Philippine alcohol taxes discriminate against Jack Daniel’s, Jim Beam and other American brands and should be struck down, U.S. officials urged the World Trade Organization.
“Despite U.S. efforts to resolve this issue through consultations, the Philippines continues to maintain its discriminatory tax regime on distilled spirits,” said Carol Guthrie, a spokeswoman for the U.S. Trade Representative.
“To ensure that Americans’ rights in the global trading system are respected, it is important to move forward with the next step in the WTO dispute settlement process and request the establishment of a panel,” Guthrie said in a statement.
The United States is one of the largest exporters of distilled spirits, with worldwide exports averaging more than $1 billion per year from 2006 through 2008.
U.S. trade officials asked the Philippines in January for talks on an excise tax system that they said taxes imported whiskey, gin and other alcoholic products 10 to 40 times higher than those made in the Southeast Asian country.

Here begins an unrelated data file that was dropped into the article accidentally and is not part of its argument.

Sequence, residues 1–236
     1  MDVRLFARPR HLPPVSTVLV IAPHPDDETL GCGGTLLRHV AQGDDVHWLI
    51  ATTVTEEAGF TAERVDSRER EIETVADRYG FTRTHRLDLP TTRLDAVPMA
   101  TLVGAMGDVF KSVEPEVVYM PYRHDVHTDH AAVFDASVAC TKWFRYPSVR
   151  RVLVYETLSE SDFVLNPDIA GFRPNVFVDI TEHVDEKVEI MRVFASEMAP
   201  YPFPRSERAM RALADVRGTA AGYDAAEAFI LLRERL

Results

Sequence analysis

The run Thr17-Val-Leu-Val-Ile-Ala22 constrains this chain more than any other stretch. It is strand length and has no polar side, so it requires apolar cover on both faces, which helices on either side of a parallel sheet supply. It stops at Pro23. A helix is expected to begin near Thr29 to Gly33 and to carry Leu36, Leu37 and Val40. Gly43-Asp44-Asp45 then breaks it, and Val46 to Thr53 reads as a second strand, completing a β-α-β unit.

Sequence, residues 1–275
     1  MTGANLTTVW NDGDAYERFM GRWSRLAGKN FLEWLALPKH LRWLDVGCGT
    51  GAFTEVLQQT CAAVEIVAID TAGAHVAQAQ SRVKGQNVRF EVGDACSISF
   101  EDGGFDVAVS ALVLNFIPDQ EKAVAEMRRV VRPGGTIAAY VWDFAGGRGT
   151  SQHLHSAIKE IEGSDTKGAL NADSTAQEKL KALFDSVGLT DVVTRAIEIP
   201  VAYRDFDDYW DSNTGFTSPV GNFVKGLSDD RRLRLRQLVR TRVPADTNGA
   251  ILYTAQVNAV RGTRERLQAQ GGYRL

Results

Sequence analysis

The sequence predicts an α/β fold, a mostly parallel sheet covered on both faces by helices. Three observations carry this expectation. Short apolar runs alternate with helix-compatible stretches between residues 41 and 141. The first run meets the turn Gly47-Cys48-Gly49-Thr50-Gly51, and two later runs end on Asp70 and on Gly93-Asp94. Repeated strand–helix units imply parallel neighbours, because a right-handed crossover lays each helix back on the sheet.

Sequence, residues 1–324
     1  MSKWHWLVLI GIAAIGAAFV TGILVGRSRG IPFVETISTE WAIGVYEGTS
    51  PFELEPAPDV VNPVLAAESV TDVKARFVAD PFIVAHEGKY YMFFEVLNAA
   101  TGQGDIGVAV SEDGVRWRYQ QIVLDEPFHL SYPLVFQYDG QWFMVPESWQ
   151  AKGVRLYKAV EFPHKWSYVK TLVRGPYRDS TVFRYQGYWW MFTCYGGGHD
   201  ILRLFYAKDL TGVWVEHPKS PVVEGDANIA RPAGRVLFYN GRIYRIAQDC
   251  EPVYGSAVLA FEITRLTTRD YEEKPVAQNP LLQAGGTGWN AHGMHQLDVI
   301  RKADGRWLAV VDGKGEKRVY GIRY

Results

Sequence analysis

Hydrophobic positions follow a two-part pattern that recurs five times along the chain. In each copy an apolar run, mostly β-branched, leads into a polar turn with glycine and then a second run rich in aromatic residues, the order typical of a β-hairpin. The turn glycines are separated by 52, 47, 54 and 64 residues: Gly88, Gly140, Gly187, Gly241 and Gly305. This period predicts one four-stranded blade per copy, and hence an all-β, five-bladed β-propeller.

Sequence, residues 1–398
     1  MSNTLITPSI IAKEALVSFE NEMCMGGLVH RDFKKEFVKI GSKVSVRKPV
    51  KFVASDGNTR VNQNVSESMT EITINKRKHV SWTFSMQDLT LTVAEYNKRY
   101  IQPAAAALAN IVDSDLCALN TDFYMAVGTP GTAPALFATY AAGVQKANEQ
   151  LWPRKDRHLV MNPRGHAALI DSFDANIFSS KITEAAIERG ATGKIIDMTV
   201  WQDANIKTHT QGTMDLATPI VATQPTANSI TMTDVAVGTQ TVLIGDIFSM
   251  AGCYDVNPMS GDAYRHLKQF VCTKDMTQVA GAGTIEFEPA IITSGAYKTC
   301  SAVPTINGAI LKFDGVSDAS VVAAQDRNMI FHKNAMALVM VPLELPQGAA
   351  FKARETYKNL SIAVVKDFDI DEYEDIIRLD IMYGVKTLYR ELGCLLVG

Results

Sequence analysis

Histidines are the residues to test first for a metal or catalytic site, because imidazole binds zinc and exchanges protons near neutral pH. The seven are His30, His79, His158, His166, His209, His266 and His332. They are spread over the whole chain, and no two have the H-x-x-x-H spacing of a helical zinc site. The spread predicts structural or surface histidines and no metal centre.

Washington contends the excise tax system is the main reason imports have not exceeded 5 percent of total spirits sales in the Philippines since 2003.
The case could help U.S. producers like Brown-Forman Corp and Fortune Brands Inc break into the $3 billion Philippine spirits market.
Brown-Forman, based in Louisville, Kentucky, owns the Jack Daniel’s brand, and Fortune Brands, headquartered in Deerfield, Illinois, produces Jim Beam whiskey.
Manila taxes alcoholic products such as whiskey, brandy, gin, vodka and tequila made from domestic materials, such as sugar or palm, at much lower rates than imported spirits made from different materials, USTR said.
That violates a general WTO principle that countries should not discriminate between imported and domestic products in their tax regimes, USTR said. (Reuters)